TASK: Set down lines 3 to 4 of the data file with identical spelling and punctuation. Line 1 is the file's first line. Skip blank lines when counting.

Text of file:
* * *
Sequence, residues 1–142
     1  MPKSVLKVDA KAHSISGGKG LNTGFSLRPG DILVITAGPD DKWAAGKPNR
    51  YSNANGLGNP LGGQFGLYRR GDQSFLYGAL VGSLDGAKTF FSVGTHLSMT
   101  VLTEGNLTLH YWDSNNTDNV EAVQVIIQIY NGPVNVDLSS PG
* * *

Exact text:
    51  YSNANGLGNP LGGQFGLYRR GDQSFLYGAL VGSLDGAKTF FSVGTHLSMT
   101  VLTEGNLTLH YWDSNNTDNV EAVQVIIQIY NGPVNVDLSS PG